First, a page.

However, the overriding concern would be with liquidity in the near future. And this is why. There are not too many indications from the global financial markets that it is heading towards a stable scenario. Equity markets continue to crumble, housing prices continue to weaken and unemployment remains on the rise in the US. And with risk-aversion being the theme of the moment, funds are flowing back to the US in hoards. With global financial institutions in a de-leveraging mode, capital outflows are only likely from Indian shores. The RBI is trying to tackle this situation by enhancing the capability of the economy to attract more foreign capital, via relaxations in the ECB norms, increasing NRI deposit rates and increasing the cap for FIIs in the corporate debt segment. The risks of outflows are high when one considers that potentially short-term debt of less than a year of around $55 bn (does not consider NRI deposits as these could be rolled over) can also leave the system.
Hence it could be a good deal of struggle for the RBI to bring around a sustained improvement in rupee liquidity as any reduction in the CRR can just turn out to be the weapon for RBI to manage the depreciation of the currency. And in the midst of all this, there is a fear that the Central Government would sharply overstep its borrowing programme for the year, almost by around Rs 30,000 crore to Rs 40,000 crore. This appears to be a classic case of crowding out where the Central Government would extort a larger portion of the dwindling domestic liquidity, thus leaving the corporate sector somewhat starved of funds.
With mutual funds witnessing heavy redemption pressures and banks facing liquidity tightness, corporate entities of late have largely been devoid of funds. This has led to a sharp increase in the credit spreads and the above is possibly also a reason why the credit spreads failed to come off in any meaningful manner even as the repo rate was cut by 100 bps. There is some scope for such a struggle to continue as the foreign sources of funding for the corporate entities are likely to remain strained in the wake of the global de-leveraging wave. One way the situation can ease a bit is when the RBI restarts its dollar-for-oil bond swap programme. While this will create liquidity for the oil bonds, it would channel a portion of the demand for dollars out of the market and also reduce the reliance of the oil marketing companies on bank funding.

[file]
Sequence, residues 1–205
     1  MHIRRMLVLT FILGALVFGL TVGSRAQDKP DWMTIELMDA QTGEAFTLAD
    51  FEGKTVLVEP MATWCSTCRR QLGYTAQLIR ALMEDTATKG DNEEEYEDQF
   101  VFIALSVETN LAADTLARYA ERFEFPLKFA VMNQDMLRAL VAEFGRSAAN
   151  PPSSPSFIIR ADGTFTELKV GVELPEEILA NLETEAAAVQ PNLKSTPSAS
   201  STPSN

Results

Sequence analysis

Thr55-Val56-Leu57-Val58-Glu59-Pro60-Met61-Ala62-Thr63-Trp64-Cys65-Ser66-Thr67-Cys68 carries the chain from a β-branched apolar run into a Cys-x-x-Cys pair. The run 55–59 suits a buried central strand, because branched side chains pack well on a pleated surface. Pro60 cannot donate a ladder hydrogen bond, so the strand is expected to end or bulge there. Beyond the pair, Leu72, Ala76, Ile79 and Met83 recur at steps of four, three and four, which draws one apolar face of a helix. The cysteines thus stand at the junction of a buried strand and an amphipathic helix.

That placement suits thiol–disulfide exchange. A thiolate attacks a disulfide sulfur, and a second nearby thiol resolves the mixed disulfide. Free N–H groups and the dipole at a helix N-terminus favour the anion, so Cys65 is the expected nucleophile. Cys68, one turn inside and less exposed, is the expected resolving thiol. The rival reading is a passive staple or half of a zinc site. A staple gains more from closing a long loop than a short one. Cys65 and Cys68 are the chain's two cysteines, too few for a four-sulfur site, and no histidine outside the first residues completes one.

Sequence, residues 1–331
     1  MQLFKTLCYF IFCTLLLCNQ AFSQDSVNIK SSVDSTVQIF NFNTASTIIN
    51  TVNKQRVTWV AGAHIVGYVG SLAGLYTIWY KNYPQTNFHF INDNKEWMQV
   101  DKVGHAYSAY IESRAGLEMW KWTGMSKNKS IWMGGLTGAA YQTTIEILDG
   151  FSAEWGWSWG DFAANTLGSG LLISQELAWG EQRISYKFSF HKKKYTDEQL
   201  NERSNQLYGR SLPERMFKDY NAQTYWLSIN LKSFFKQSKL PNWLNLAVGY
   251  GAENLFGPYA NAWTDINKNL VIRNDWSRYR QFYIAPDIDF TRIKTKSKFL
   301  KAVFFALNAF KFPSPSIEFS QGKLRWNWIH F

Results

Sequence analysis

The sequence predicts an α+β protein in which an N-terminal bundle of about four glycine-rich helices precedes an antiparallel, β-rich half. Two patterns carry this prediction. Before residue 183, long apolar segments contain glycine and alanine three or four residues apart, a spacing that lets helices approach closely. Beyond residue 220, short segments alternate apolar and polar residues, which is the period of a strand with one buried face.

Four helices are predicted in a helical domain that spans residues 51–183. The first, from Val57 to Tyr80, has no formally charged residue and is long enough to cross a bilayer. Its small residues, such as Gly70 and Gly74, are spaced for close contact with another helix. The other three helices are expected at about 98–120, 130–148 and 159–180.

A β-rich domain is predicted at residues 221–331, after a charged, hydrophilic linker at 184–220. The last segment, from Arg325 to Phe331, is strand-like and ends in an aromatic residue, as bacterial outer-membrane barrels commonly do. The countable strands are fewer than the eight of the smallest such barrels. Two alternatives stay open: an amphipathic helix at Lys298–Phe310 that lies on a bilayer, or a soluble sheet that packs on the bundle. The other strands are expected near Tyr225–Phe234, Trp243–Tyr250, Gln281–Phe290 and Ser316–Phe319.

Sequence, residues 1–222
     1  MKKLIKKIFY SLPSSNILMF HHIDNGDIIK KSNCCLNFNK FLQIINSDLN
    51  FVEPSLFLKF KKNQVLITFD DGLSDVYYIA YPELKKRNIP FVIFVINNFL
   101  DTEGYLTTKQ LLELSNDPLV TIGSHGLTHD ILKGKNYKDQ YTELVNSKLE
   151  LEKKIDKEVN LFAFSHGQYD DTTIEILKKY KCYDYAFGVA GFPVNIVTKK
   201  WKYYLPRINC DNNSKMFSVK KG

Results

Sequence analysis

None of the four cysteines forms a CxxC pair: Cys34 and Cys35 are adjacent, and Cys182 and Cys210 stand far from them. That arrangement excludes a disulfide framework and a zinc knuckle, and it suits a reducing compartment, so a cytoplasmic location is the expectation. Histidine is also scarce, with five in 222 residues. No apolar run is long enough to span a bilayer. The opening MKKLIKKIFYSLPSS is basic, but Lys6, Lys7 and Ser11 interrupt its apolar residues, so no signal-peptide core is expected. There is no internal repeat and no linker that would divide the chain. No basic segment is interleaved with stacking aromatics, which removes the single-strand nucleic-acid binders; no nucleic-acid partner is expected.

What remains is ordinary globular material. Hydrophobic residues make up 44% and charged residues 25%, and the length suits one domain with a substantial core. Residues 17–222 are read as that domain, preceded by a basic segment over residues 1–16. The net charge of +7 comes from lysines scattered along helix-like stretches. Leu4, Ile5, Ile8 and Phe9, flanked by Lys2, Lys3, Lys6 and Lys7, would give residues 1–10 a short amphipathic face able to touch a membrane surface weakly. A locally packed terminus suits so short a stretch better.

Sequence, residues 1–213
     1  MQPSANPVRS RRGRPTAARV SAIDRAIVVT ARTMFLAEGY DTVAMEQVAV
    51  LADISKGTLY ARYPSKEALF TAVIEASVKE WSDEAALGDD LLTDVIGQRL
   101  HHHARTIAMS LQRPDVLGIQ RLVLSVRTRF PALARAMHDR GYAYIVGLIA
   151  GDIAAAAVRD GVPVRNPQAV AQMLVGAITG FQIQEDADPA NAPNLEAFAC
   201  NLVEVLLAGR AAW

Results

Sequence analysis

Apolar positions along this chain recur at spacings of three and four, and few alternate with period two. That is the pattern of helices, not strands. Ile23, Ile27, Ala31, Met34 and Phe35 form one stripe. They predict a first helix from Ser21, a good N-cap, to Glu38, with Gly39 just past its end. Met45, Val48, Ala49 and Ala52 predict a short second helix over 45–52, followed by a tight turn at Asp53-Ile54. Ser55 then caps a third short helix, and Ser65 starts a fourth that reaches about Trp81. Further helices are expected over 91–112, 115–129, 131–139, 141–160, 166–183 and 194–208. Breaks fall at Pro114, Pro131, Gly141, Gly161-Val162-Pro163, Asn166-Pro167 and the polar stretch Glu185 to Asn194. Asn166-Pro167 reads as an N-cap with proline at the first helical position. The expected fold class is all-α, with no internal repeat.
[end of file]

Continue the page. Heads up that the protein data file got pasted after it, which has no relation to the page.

From a strategic point, I think that the RBI would be determined to ensure a soft landing to the economy and minimise the pains. This is essential to keep the confidence in the Indian economy going. While the negative implications of dollar outflows would be mitigated by CRR cuts and MSS unwinds, RBI would also continue to resort to reducing the repo rate to provide a sentiment boost to the economy in an atmosphere where industrial production appears to be falling off sharply. The large fiscal dole-outs of this year would go a long way in preventing the demand and growth in India from falling off sharply. Globally, there has been a significant turn: a turn away from fears of inflation and monetary tightening to a global order that significantly needs fiscal support. Back to Keynesian economics
The author is chief economist, Kotak Mahindra Bank. These are his personal views